Lecture 8 - ARCH 106 Materials of Construc6on...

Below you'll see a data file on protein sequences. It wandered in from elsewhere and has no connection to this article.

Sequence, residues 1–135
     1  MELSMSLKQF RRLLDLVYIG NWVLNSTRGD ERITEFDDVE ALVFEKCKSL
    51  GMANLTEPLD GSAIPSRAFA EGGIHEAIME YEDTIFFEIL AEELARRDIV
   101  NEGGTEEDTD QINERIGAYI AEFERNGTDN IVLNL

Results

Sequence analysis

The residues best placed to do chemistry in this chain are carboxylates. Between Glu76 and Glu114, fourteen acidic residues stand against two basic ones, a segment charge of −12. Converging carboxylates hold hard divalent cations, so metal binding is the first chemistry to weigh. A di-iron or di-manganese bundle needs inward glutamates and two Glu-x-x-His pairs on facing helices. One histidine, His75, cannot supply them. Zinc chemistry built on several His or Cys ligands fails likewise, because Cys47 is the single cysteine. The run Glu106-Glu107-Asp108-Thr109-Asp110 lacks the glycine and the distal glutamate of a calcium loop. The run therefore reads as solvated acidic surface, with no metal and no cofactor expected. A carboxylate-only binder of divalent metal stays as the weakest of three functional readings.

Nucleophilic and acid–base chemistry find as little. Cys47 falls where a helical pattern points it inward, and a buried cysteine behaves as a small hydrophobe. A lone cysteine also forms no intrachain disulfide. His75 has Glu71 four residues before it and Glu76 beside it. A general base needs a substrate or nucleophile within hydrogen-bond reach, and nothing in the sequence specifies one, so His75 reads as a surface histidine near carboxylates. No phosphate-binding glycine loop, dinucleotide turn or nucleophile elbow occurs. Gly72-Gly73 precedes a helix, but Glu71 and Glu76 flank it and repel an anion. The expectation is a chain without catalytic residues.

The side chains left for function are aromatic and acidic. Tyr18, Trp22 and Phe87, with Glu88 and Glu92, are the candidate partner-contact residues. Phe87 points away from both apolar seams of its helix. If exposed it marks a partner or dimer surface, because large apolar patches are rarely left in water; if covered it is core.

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Unformatted text preview: ARCH 106 Materials of Construc6on Concrete 13 CONCRETE CONSTRUCTION CONSTRUCTION CONCRETE Fundamentals of Building Construc4on, Materials & Methods, 5th Edi4on Copyright © 2009 J. Iano. All rights reserved. HISTORY Roman Concrete •  Earliest concrete, 300 BC •  Pozzolanic ash: Volcanic ash originally found at Pozzuoli, Italy; high in silica and alumina content •  When pozzolanic ash was mixed with lime, water, sand, and rock, the resul4ng mixture would harden to an unusually strong material, even when fully submerged under water. •  Hydraulic cement: Cement that when hardened, is not water soluble Fundamentals of Building Construc4on, Materials & Methods, 5th Edi4on Copyright © 2009 J. Iano. All rights reserved. HISTORY Modern Concrete •  Knowledge of hydraulic cements is lost with the fall of the Roman Empire. •  Hydraulic cements are rediscovered in late 18 c. England. •  1824: Joseph Aspdin patents Portland Cement, an ar4ficial hydraulic cement made from a finely ground mixture of limestone and clay. This name for hydraulic cement remains in use to today. Fundamentals of Building Construc4on, Materials & Methods, 5th Edi4on Copyright © 2009 J. Iano. All rights reserved. HISTORY Modern Concrete •  The embedding of steel reinforcing in concrete, to increase concrete's tensile strength and resilience, is the other key component of modern concrete. •  Steel reinforced concrete first appears in the 1850's. •  Right: Francois Hennebique's 1892 patent for reinforced concrete construc4on Fundamentals of Building Construc4on, Materials & Methods, 5th Edi4on Copyright © 2009 J. Iano. All rights reserved. 13 CONCRETE CONSTRUCTION CEMENT AND CONCRETE Fundamentals of Building Construc4on, Materials & Methods, 5th Edi4on Copyright © 2009 J. Iano. All rights reserved. CEMENT AND CONCRETE Concrete ingredients: •  Fine aggregate (sand) •  Coarse aggregate (gravel) –  Coarse and fine aggregate provide the structural mass of the concrete and cons4tute the majority of the concrete volume. •  Portland cement –  Cement binds the aggregate. •  Water –  Water is necessary for the chemical hydra4on of the cement and the hardening of the concrete. Fundamentals of Building Construc4on, Materials & Methods, 5th Edi4on Copyright © 2009 J. Iano. All rights reserved. CEMENT AND CONCRETE Portland Cement •  Primary ingredient: Calcium silicates •  Lesser amounts of compounds of aluminum, iron, and magnesium •  Raw materials can be extracted from a variety of sources depending on the locale, such as limestone, chalk, marl, marble, sea shells, clays, shales, industrial waste materials, iron ore, bauxite, and others. •  Materials are crushed, ground, propor4oned and blended into a very fine powder. Fundamentals of Building Construc4on, Materials & Methods, 5th Edi4on Copyright © 2009 J. Iano. All rights reserved. CEMENT AND CONCRETE Portland Cement •  The blended materials are burn or sintered in a high ­temperature, rota4ng kiln, crea4ng clinker. •  The clinker is cooled and ground to a fine powder. •  Small quan44es of The cement kiln is gently sloped, so that as it rotates, the gypsum are added to cement ingredients travel down the slope at a controlled rate. adjust the cement's seeng rate. •  In the U.S., a standard bag of cement contains 1 cubic foot of material and weighs 94 lb. Fundamentals of Building Construc4on, Materials & Methods, 5th Edi4on Copyright © 2009 J. Iano. All rights reserved. CEMENT AND CONCRETE Air ­Entraining Cement •  Ingredients added to the cement generate bubbles during concrete mixing that create small, distributed voids in the finished concrete. •  Air content in the range of 2 to 8 percent of the total concrete volume is typical. •  Air ­entrained concrete has greater resistance to freeze ­ thaw damage. It is use for concrete exposed to wet, freezing condi4ons. •  Air ­entrained concrete also has improved workability when wet. •  Air entraining reduces concrete strength, unless the propor4ons of other ingredients in the concrete mix are adjusted to compensate. Copyright © 2009 J. Iano. All rights reserved. Enlarged section of air-entrained concrete: Note the air voids within the cement paste matrix. Fundamentals of Building Construc4on, Materials & Methods, 5th Edi4on CEMENT AND CONCRETE ASTM C150 Cement Types •  Type I: General purpose •  Types II and Type V: For concrete in contact with soils or water with high sulfate concentra4ons •  Type III: For cold weather construc4on, concrete precast in plants, accelerated construc4on schedules •  Type IV: For massive structures, such as dams, where the heat generated during hydra4on must be limited to avoid excessive temperatures ASTM C150 Type I Type IA Type II Type IIA Type III Type IIIA Type IV Type V Description Normal Normal, air entraining Moderate resistance to sulfate attack Moderate resistance to sulfate attack, air entraining High early strength High early strength, air entraining Low heat of hydration High resistance to sulfate attack Fundamentals of Building Construc4on, Materials & Methods, 5th Edi4on Copyright © 2009 J. Iano. All rights reserved. CEMENT AND CONCRETE ASTM C150 Cement Types •  Ninety percent of U.S. manufactured cements are Type I, Type II, or Type I/II (cement that meets all the requirements of both types). •  Most air ­entrained concrete is made with admixtures added separately to the concrete mix rather than with air ­entraining cements. Separate admixtures allow greater control over amount and quality of air entraining in the final concrete. ASTM C150 Type I Type IA Type II Type IIA Type III Type IIIA Type IV Type V Description Normal Normal, air entraining Moderate resistance to sulfate attack Moderate resistance to sulfate attack, air entraining High early strength High early strength, air entraining Low heat of hydration High resistance to sulfate attack Fundamentals of Building Construc4on, Materials & Methods, 5th Edi4on Copyright © 2009 J. Iano. All rights reserved. CEMENT AND CONCRETE Portland Cement and Carbon Dioxide Emissions •  Cement produc4on is a significant source of emissions of carbon dioxide (CO2), a greenhouse gas. •  The burning of fuel to heat the cement kiln generates CO2. •  The chemical conversion of limestone (calcium carbonate) within the kiln releases addi4onal large quan44es of CO2. •  In total, manufacturing 1000 pounds of portland cement generates on average roughly 900 pounds of carbon dioxide. Simplified chemistry of the cement kiln: Limestone + silica (2700 deg F) = portland cement + carbon dioxide 5CaCO3 + 2SiO2 (3CaO, SiO2) (2CaO, SiO2) + 5CO2 Fundamentals of Building Construc4on, Materials & Methods, 5th Edi4on Copyright © 2009 J. Iano. All rights reserved. CEMENT AND CONCRETE Portland Cement and Carbon Dioxide Emissions •  The subs4tu4on of industrial waste products with cemen4ng proper4es (fly ash, silica fume, blast furnace slag) for some por4on of the cement in concrete reduces the total CO2 emissions associated with concrete produc4on. •  When concrete is crushed and recycled, it is capable of absorbing up to half of the CO2 originally generated in the cement manufacture. •  New, experimental cements aim to reduce CO2 emissions, even to the Cement clinker after emerging from the cement kiln extent that concrete becomes carbon ­nega4ve, absorbing more CO2 during its life4me than is emined during its manufacture. Fundamentals of Building Construc4on, Materials & Methods, 5th Edi4on Copyright © 2009 J. Iano. All rights reserved. CEMENT AND CONCRETE Aggregates •  Coarse and fine aggregate make up 60 to 80 percent of the total concrete volume. •  Most aggregate comes from natural sand and gravel deposits or is made from crushed rock. •  Ar4ficial aggregates may come from: –  –  –  –  Blast furnace slag Fly ash Recycled concrete Thermally treated clay, shale, and other minerals •  Strength of concrete is heavily dependent on the quality of the aggregates: –  –  –  –  –  Porosity Size distribu4on Moisture absorp4on Shape and surface texture Strength, elas4city, density, soundness –  Contamina4on or detrimental substances Fundamentals of Building Construc4on, Materials & Methods, 5th Edi4on Copyright © 2009 J. Iano. All rights reserved. CEMENT AND CONCRETE Maximum Aggregate Size •  Generally, with larger aggregates, less cement is required in the concrete mix. Reducing the quan4ty of cement reduces cost, since cement is the most expensive ingredient in the mix. •  The largest aggregate must fit comfortably between reinforcing bars and within the overall thickness of the concrete. Largest aggregate size should not exceed: –  1/5 distance between form faces –  3/4 of the space between reinforcing bars –  1/3 the depth of a slab •  Common maximum aggregate size for concrete used in buildings ranges from 3/8 to 1 ­1/2 in. Fundamentals of Building Construc4on, Materials & Methods, 5th Edi4on Copyright © 2009 J. Iano. All rights reserved. CEMENT AND CONCRETE Lightweight Aggregates: Used to make lighter ­weight concrete •  Structural lightweight concrete: –  Roughly 80 percent or less of the weight of ordinary concrete –  Reduced structure weight saves costs –  Lower thermal conduc4vity increases resistance to building fires –  Roughly 60 percent or less of the weight of ordinary concrete –  Insula4ng roof toppings –  Fill material •  Nonstructural lightweight concrete: •  Expanded shale, clay, slate, slag: Minerals or industrial waste products thermally treated such that they expand and take on a less dense, cellular structure •  Cinders and other volcanic rocks: Naturally occurring light ­weight volcanic materials •  Vermiculate: Thermally expanded mica •  Perlite: Thermally expanded volcanic glass Fundamentals of Building Construc4on, Materials & Methods, 5th Edi4on Copyright © 2009 J. Iano. All rights reserved. CEMENT AND CONCRETE Water •  Water is an essen4al ingredient in concrete, that combines chemically with the cement as the concrete hardens. •  Water must be free of contaminants. •  Water that is potable is acceptable for use in making concrete. •  ASTM C 1602 permits the use of other sources such as waste water from washing out concrete trucks or storm water runoff at concrete produc4on facili4es that may contain limited amounts of concrete waste material. •  The quan4ty of water in the concrete mix must be controlled as closely as any other ingredient: Adding unneeded water dilutes the cement paste, weakening the hardened concrete. Fundamentals of Building Construc4on, Materials & Methods, 5th Edi4on Copyright © 2009 J. Iano. All rights reserved. CEMENT AND CONCRETE Admixtures •  Other ingredients in the concrete mix used to alter or improve concrete proper4es in various ways: –  –  –  –  –  –  –  –  Air ­entraining Water ­reducing Cure accelera4ng or retarding Workability modifying Shrinkage ­reducing Corrosion inhibi4ng Freeze protec4ng Coloring •  E.g., High ­strength concrete for very tall buildings: –  Supplementary Cemen44ous Materials (SCMs), for greater strength –  Water reducers, to increase concrete strength while maintaining workability –  Admixtures to improve pumpability –  Retarding admixtures, to allow adequate 4me for placing Fundamentals of Building Construc4on, Materials & Methods, 5th Edi4on Copyright © 2009 J. Iano. All rights reserved. Burj Dubai, world's tallest concrete framed building (800+ meters, 2600+ feet) 13 CONCRETE CONSTRUCTION MAKING AND PLACING CONCRETE Fundamentals of Building Construc4on, Materials & Methods, 5th Edi4on Copyright © 2009 J. Iano. All rights reserved. MAKING AND PLACING CONCRETE Concrete Quality •  Workability: Ease of placing, consolida4ng, and finishing wet concrete •  Structural proper4es when hardened: Strength, s4ffness, •  Other important proper4es: –  –  –  –  –  –  –  –  –  –  –  Rate of early strength gain Degree shrinkage during curing Flatness, for slabs and paving Surface hardness, for industrial slabs Porosity Density Surface appearance, for architectural concrete Resistance to freeze/thaw and weather, for exterior concrete Water4ghtness, for dams, tanks, exterior walls Cost and more… durability Concrete for an exterior planter can be of rela4vely low strength, but must have good resistance to weathering and, aser formwork is removed, a reasonably smooth and pleasing surface appearance. Fundamentals of Building Construc4on, Materials & Methods, 5th Edi4on Copyright © 2009 J. Iano. All rights reserved. MAKING AND PLACING CONCRETE Concrete Strength •  Concrete strength varies with design of the concrete mix. •  Normal strength concrete –  Up to 6000 psi compressive strength –  Made with conven4onal ingredients •  High ­strength concrete •  Specially formulated, ultra ­high performance concretes have compressive strengths as high as 30,000 psi. –  Greater than 6000 psi to roughly 20,000 psi –  Supplementary Cemen44ous Materials are required to reach higher strengths. –  Lower water content, required for higher strength, results in a s4ff, unworkable mixture when wet. To compensate, water reducing admixtures or high ­range water reducing admixtures (superplasLcizers) are used to improve workability. Fundamentals of Building Construc4on, Materials & Methods, 5th Edi4on Copyright © 2009 J. Iano. All rights reserved. MAKING AND PLACING CONCRETE Water ­Cement Ra4o •  The water ­cement raLo (w/c raLo) is the most important determinant of concrete strength. Lowering the propor4on of water to cement: –  Increases concrete strength and durability –  Decreases workability –  Increases cost •  W/C ra4o is measured by weight, not volume. •  When supplementary cemen44ous materials are added to the mix, the ra4o is measured as the water ­ cemenLLous materials raLo. •  Why use higher ­strength concrete: –  Reduce column dimensions in tall buildings. –  Achieve higher earlier strength, allowing construc4on to proceed more quickly. –  Sa4sfy more stringent structural requirements. Copyright © 2009 J. Iano. All rights reserved. (A ­E Concrete: Air ­entrained concrete) Fundamentals of Building Construc4on, Materials & Methods, 5th Edi4on MAKING AND PLACING CONCRETE Mixing Concrete •  Most concrete is prepared at batch plants and delivered to the construc4on site in transit ­mix (ready mix) trucks. •  The concrete ingredients are mixed in the rota4ng drum of the truck so that the concrete is ready to pour on arrival at the construc4on site. •  Smaller batches of concrete may be prepared on site by hand or with the aid of portable power mixers. Fundamentals of Building Construc4on, Materials & Methods, 5th Edi4on Copyright © 2009 J. Iano. All rights reserved. MAKING AND PLACING CONCRETE Slump Test •  The slump test provides a rough measure of the workability of concrete while wet. •  Concrete is placed into a conical cylinder; the cylinder is removed, and the loss in height of the concrete mass is measured. –  Concrete with too low slump may be difficult to place. –  Concrete with too high slump may have had too much water added. •  Specified maximum slump is usually in the range of 3 to 5 inches. •  Slump tests are performed on batches of concrete as the arrive on the concrete site. •  Slump that varies excessively from one batch to the next may indicate quality control problems in the concrete mixes. Copyright © 2009 J. Iano. All rights reserved. Fundamentals of Building Construc4on, Materials & Methods, 5th Edi4on MAKING AND PLACING CONCRETE Strength Test Cylinders •  Test cylinders may be cast from each batch of concrete delivered to the construc4on site. –  The most common cylinder size is 6 in. diameter x 12 in. high. –  Concrete is placed in a cylindrical mold and consolidated to eliminate voids. Test cylinders prepared and labeled on site. •  Cylinders are returned to the laboratory, cured under controlled condi4ons, and then strength ­tested at appropriate 4mes. Test results for laboratory ­ cured cylinders verify the quality of the concrete as delivered to the site. •  Cylinders can also be cured on site in condi4ons similar to that for the cast concrete. Results from these tests can be used to determine when it is safe to remove formwork or subject cast concrete to construc4on loads. Copyright © 2009 J. Iano. All rights reserved. Laboratory cylinder testing apparatus Fundamentals of Building Construc4on, Materials & Methods, 5th Edi4on MAKING AND PLACING CONCRETE Placing Concrete •  Avoid delays, during which concrete can s4ffen and become difficult to place. Depending on condi4ons, concrete can placed up to 90 minutes aser mixing commences. •  Concrete that does s4ffen can have water added prior to placing, provided that: –  Maximum w/c ra4o is not exceeded –  Maximum slump is not exceeded –  Agita4on limits are not exceeded •  Concrete may be placed on site directly from the discharge chute of a transit ­mix truck, or by combina4on of wheelbarrows, power buggies, crane ­lised buckets (right), conveyor belts, pumpers, or other devices. Fundamentals of Building Construc4on, Materials & Methods, 5th Edi4on Copyright © 2009 J. Iano. All rights reserved. MAKING AND PLACING CONCRETE Placing Concrete •  SegregaLon, separa4on of large aggregate from the finer por4ons of the mix, must be avoided. •  Place concrete as close to final posi4on as possible. •  Do not push concrete over large horizontal distances. •  Avoid dropping concrete from high heights or discharging against obstacles (use drop chutes if needed). •  Right: Concrete delivered to its final loca4on by pumping. Fundamentals of Building Construc4on, Materials & Methods, 5th Edi4on Copyright © 2009 J. Iano. All rights reserved. MAKING AND PLACING CONCRETE Consolida4ng Concrete •  ConsolidaLon (compacLon): The elimina4on of voids and air pockets within the concrete pour. –  –  –  –  Hand rodding or tamping Screeding (top) Internal vibra4on (bonom) External vibra4on •  Consolida4on is especially cri4cal with s4ff concrete mixes or when concrete is placed around densely packed reinforcing arrays. •  Over ­consolida4on must be avoided, as it can lead to segrega4on of aggregate as larger par4cles descend and finer components rise to toward the surface. Fundamentals of Building Construc4on, Materials & Methods, 5th Edi4on Copyright © 2009 J. Iano. All rights reserved. MAKING AND PLACING CONCRETE Curing Concrete •  Concrete hardens by hydraLon, the chemical bonding of water and cement. •  If concrete dries out prematurely, the hydra4on process stops and maximum strength is not achieved. •  Hydra4on, along with increasing strength and durability, can con4nue for a very long 4me, even years. Concrete strength is normally specified at 28 days. •  Exposed surfaces of newly poured concrete must be protected from evapora4on and drying. Concrete may be regularly misted, covered with moisture ­retaining materials, or treated with a chemical surface sealer. •  In very hot or cold weather, steps may be taken to moderate the temperature of the concrete, such as pre ­hea4ng of ingredients, adding water as ice, or the use of retarders or accelerators to adjust cure rate. Fundamentals of Building Construc4on, Materials & Methods, 5th Edi4on Copyright © 2009 J. Iano. All rights reserved. MAKING AND PLACING CONCRETE Formwork •  Formwork: Construc4on, usually temporary, to hold freshly poured concrete in the desired shape un4l the concrete achieves sufficient strength to support itself. •  Formwork also frequently helps to protect newly poured concrete from drying too quickly. •  Formwork must be strong and s4ff enough to support the weight and fluid pressure of the concrete. •  In conven4onal concrete construc4on, formwork can account for half or more of total concrete construc4on costs. •  Form release compounds are oils, waxes, or plas4c coa4ngs applied to formwork surfaces to prevent adhesion of the formwork to the concrete and ease formwork removal. Fundamentals of Building Construc4on, Materials & Methods, 5th Edi4on Copyright © 2009 J. Iano. All rights reserved. 13 CONCRETE CONSTRUCTION REINFORCING Fundamentals of Building Construc4on, Materials & Methods, 5th Edi4on Copyright © 2009 J. Iano. All rights reserved. REINFORCING The Concept of Reinforcing •  Concrete has no useful tensile strength—ability to resist pulling forces. (See table below.) •  Steel bars or wires are laid into concrete along lines of tension, to provide resistance to these forces. •  Steel and concrete work well together. –  The two materials have similar rates of thermal expansion/contrac4on. –  The alkaline chemistry of the concrete protects the steel from corrosion. –  The two materials bond well, allowing them to work as a single structural composite. Fundamentals of Building Construc4on, Materials & Methods, 5th Edi4on Copyright © 2009 J. Iano. All rights reserved. REINFORCING Steel Reinforcing Bars •  Steel reinforcing bars (rebar): The most common concrete reinforcing material. Rebar are hot ­rolled steel, deformed with surface ridges so as to bener bond with concrete. •  Bar sizes are numbered, with numbers generally corresponding the diameter of the bar in 8ths of an inch. E.g., –  #4 bar is 1/2 in. diameter –  #8 bar is 1 in. diameter •  Bars are made with steel grades of varying strength. •  Higher strength bars are used to reduce rebar congesLon, where reinforcing becomes crowded and concrete placement becomes more difficult. Use of higher strength steel allows for bars smaller in diameter or with greater spacing. Fundamentals of Building Construc4on, Materials & Methods, 5th Edi4on Copyright © 2009 J. Iano. All rights reserved. REINFORCING Welded Wire Reinforcing •  Welded wire reinforcing (WWR) or welded wire fabric (WWF): Prefabricated, welded grids of reinforcing bars or wires •  Especially common for concrete slab reinforcing. •  Smooth wire designa4ons: From W1.4=0.134 in. diameter , to W20=0.505 in. diameter •  Deformed wire designa4ons: From D4= 0.226 in. diameter, to D20=0.505 in. diameter. •  Designa4on example: 6x12 ­W12xW5 –  W12 wires spaced at 6 in., crossed by –  W5 wires spaced at 12 in. Fundamentals of Building Construc4on, Materials & Methods, 5th Edi4on Copyright © 2009 J. Iano. All rights reserved. REINFORCING Reinforcing Fabrica4on and Erec4on •  Concrete reinforcing requirements are shown on the structural drawings. •  A reinforcing fabricator prepares shop drawings that are reviewed by the structural engineer. •  Reinforcing is cut to length, bent as needed, and possibly par4ally assembled before being transported to the construc4on site. •  Fabrica4on con4nues on site. Eventually reinforcing is assembled in its final configura4on. •  Aser inspec4on by the engineer, concrete may be poured. Shop-fabricated spiral reinforcing, for drilled concrete piers. Fundamentals of Building Construc4on, Materials & Methods, 5th Edi4on Copyright © 2009 J. Iano. All rights reserved. REINFORCING Reinforcing Fabrica4on and Erec4on Heavy reinforcing for a concrete shear wall is being pre ­assembled on site. Once complete, the assembly will be lised into place by a construc4on crane. Fundamentals of Building Construc4on, Materials & Methods, 5th Edi4on Copyright © 2009 J. Iano. All rights reserved. REINFORCING Reinforcing a Simple Beam •  Top: In a simply supported beam, the greatest tension forces occur at the bonom middle of the beam. •  Where tension forces cross compression forces closer to the beam ends, shear forces also occur. •  BoQom: The placement of reinforcing in a concrete beam approximates the lines of tension, but is simplified to reduce fabrica4on costs. Theoretical lines of tension and compression in a simple beam. Simple concrete beam reinforcing, including heavy bottom bars, lighter top bars, and U-shaped shear stirrups Fundamentals of Building Construc4on, Materials & Methods, 5th Edi4on Copyright © 2009 J. Iano. All rights reserved. REINFORCING Reinforcing a Column •  VerLcal or column bars: Larger ­diameter bars placed ver4cally in the column •  Ties or spirals: Wrap around the ver4cal bars •  The ver4cal bars add to the strength of the column in compression, and resist tensile forces that are introduced from wind or seismic forces, or from connec4ons to beams. •  Ties prevent the ver4cal bars from buckling outward. •  Note how, where the ver4cal bars extend beyond the 4es, they are bent slightly inward toward the center of the column. As the column height is extended further, the next sec4on of reinforcing will nest and overlap with these ends. Fundamentals of Building Construc4on, Materials & Methods, 5th Edi4on Copyright © 2009 J. Iano. All rights reserved. REINFORCING Fibrous Reinforcing •  Fibrous reinforcing: Short fibers of glass, steel, or polypropylene, added to the concrete mix •  Microfiber reinforcing: Rela4vely low amounts of fibers, to aid concrete in resis4ng plasLc shrinkage cracking that occurs during early curing •  Macrofiber reinforcing: Greater concentra4ons of fibers, that also resist longer ­term cracking due to drying and thermal stresses •  Steel fiber reinforcing also increases the durability of the concrete surface Fundamentals of Building Construc4on, Materials & Methods, 5th Edi4on Copyright © 2009 J. Iano. All rights reserved. 13 CONCRETE CONSTRUCTION PRESTRESSING Fundamentals of Building Construc4on, Materials & Methods, 5th Edi4on Copyright © 2009 J. Iano. All rights reserved. PRESTRESSING Prestressing •  Prestessing: Applying an ini4al compressive stress to a concrete member, so as to improve its structural efficiency. •  High ­strength steel strands are stretched 4ghtly and then restrained by the concrete, pueng the concrete into ini4al compression. •  When normal service loads are added, the concrete in prestressed members is subject to less tensile force. •  Prestressed members are typically more slender and lighter than comparable conven4onally reinforced members. Fundamentals of Building Construc4on, Materials & Methods, 5th Edi4on Copyright © 2009 J. Iano. All rights reserved. PRESTRESSING Prestressing •  Pretensioning: Steel strands are tensioned before concrete is cast. This requires heavy abutments to restrain the strands and is normally only done with concrete in precas4ng plants, but not on the construc4on site. •  PosQensioning: Steel strands are tensioned aser concrete has been cast and reached adequate strength. Concrete cast on the construc4on site can be posnensioned. Copyright © 2009 J. Iano. All rights reserved. Posttensioning strands, encased in green plastic sheaths, for reinforcing a slab. The strands are purposely draped to more closely follow the natural lines of tension in the slab. Fundamentals of Building Construc4on, Materials & Methods, 5th Edi4on Reading Assignment: Chapter 10 Page 516 ­554 Concrete •  History •  Making and Placing •  Formwork •  Reinforcing •  Prestressing ...